More than 40 years after scientists first detonated a nuclear device in the Trinity test, composer and conductor James Yannatos assembled over 350 musicians for an unusual memorial.
In April 1986, 90 members of the Harvard-Radcliffe Orchestra premiered “Trinity Mass,” composed by Yannatos. Over 260 vocalists from the Harvard Glee Club, the Radcliffe Choral Society, the Collegium Musicum, and other local choral groups joined them on a packed stage in Sanders Theater. The large-scale collaboration between student ensembles had a very specific musical story to tell: the human history of the atomic bomb.
With the looming history of World War II, the Vietnam War, and the Cold War, “war was there, in your consciousness, a lot,” says Nyia Yannatos, the composer’s widow.
James Yannatos told Harvard Magazine in 1986 that the composition was “a Mass for beyond war.” He wanted the music to persuade listeners of the horrors of war, both nuclear and conventional.
Before coming to Harvard, and long before he composed “Trinity Mass,” Yannatos was already using music for social justice. Earlier in his career, he was active as both a violinist and as an assistant conductor in San Antonio, where he and a bass player founded an interracial chorus. “Now, we’re talking in the fifties, in Texas,” Nyia notes appreciatively.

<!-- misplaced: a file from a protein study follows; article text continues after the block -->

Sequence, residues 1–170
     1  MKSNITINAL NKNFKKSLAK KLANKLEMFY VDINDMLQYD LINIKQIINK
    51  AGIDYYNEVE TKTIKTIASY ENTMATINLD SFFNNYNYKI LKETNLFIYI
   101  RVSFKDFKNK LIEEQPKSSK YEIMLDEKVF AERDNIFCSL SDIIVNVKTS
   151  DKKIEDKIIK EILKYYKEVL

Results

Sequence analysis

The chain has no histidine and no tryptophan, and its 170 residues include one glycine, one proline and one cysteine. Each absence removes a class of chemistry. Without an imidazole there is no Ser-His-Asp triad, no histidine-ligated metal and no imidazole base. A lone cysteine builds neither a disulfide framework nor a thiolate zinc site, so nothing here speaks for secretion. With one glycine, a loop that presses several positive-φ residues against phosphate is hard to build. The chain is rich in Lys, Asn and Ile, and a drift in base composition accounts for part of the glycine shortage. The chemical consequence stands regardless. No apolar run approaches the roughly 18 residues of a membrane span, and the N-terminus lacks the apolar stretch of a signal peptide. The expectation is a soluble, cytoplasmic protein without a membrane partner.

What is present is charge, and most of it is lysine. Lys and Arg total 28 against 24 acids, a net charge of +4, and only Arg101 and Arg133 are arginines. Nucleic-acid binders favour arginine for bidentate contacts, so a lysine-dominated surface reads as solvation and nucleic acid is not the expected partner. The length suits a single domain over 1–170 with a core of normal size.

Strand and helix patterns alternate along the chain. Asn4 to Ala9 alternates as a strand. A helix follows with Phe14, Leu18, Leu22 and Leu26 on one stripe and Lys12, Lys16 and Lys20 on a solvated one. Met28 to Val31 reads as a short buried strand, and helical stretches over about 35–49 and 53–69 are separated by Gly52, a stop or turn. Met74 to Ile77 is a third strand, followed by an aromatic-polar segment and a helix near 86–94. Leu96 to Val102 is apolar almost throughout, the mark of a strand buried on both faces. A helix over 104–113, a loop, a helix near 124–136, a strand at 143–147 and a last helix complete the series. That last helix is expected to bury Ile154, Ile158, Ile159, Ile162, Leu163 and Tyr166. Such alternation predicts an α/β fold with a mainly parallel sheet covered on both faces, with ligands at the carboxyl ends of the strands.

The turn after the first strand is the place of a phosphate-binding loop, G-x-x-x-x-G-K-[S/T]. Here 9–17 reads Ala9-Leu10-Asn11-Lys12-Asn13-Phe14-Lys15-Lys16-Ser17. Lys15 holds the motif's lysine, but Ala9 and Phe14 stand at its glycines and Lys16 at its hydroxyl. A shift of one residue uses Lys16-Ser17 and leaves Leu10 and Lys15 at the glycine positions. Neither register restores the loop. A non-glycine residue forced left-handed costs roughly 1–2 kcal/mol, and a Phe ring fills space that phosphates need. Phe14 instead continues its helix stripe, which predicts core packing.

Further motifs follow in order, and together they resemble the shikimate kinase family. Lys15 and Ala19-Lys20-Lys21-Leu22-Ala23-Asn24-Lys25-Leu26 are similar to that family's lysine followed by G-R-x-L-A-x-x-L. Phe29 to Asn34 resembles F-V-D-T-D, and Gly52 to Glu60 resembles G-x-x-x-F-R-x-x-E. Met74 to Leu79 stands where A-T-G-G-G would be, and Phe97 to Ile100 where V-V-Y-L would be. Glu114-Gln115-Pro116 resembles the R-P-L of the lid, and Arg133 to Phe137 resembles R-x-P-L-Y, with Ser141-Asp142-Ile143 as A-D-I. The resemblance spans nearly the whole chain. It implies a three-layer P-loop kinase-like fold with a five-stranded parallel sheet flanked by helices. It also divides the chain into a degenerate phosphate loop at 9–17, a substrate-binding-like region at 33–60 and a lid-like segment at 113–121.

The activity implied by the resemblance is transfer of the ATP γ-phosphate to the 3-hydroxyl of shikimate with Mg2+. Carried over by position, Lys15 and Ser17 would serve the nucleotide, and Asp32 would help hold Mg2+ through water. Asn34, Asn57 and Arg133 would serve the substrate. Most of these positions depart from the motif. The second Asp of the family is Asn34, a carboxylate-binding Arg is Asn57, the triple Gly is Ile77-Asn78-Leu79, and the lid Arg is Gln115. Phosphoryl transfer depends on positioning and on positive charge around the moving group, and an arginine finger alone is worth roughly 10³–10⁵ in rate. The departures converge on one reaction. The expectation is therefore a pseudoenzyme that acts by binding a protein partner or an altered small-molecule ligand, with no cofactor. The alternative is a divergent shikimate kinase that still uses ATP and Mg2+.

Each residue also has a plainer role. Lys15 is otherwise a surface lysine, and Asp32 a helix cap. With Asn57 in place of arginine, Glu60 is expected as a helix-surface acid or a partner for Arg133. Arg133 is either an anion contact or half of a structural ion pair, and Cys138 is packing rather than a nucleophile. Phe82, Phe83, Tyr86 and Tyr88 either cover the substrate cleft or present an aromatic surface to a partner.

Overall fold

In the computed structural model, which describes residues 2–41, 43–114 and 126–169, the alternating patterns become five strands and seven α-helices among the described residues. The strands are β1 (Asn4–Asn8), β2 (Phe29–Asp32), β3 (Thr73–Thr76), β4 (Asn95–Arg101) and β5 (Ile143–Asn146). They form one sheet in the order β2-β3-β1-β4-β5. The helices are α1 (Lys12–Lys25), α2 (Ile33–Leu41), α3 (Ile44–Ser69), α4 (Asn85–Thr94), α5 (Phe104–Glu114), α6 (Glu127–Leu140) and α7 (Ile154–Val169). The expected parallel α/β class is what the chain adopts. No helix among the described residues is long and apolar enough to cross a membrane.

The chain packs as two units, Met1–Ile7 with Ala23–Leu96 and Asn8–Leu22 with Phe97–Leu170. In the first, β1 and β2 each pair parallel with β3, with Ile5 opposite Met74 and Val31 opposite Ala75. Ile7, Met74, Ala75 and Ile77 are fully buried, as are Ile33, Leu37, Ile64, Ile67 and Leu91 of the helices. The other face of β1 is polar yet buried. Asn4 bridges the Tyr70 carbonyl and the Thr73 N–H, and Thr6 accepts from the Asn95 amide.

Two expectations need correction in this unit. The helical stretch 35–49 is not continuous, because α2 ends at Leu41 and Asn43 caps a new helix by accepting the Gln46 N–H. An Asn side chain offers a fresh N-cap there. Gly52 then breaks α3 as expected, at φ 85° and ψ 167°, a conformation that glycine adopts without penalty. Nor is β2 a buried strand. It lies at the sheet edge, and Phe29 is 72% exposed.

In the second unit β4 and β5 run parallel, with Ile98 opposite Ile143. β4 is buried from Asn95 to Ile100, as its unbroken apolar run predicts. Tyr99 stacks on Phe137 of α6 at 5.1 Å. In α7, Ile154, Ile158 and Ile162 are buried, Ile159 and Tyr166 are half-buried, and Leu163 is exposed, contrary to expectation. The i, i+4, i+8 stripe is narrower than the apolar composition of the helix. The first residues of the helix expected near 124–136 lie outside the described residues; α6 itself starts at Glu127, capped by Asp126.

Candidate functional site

His passion for social justice also informed his pacifist politics. “He’s been antiwar ever since he could speak,” she says. On Memorial Day in 1970, at the height of the Vietnam War, Yannatos organized a concert called Musicians for Peace in Sanders Theater. A massive ensemble performed Brahms’ Requiem, a performance that anticipated his “Trinity Mass.” The mood of that performance was also somber—Yannatos requested the audience refrain from applause in honor of Memorial Day.
Yannatos was music director of the HRO from 1964 until his retirement in 2009. During the course of those 45 years, “Dr. Y,” as students called him, built the orchestra up from a struggling, incomplete ensemble to a full group that regularly undertook international tours. At one point, he even turned down an opportunity to become an assistant conductor with the Boston Symphony Orchestra, choosing instead to remain at Harvard.
A former student of J. Nadia Boulanger and Leonard Bernstein ’39, Yannatos was a highly accomplished violinist, conductor, and composer. “Trinity Mass” won the 1988 Artists Foundation Award.
But he was still “a more approachable conductor than [others] I’ve worked with,” says William C. “Bill” Hahn ’87, who played clarinet in the HRO under Dr. Yannatos’ direction throughout college. “He cared deeply about the orchestra and [his] students.”
After performances, the Yannatoses would often invite students over to their home for a listening session so they could hear their work. “He loved being with students and having music be an important part of their lives,” Nyia says.
The Trinity Mass piece was important to Yannatos. Nyia preserved the program notes, printed on thick paper in red and black ink. Yannatos writes in the program that “Trinity Mass” sketches out a meditation on the history of the atomic bomb, treating time “cubistically.”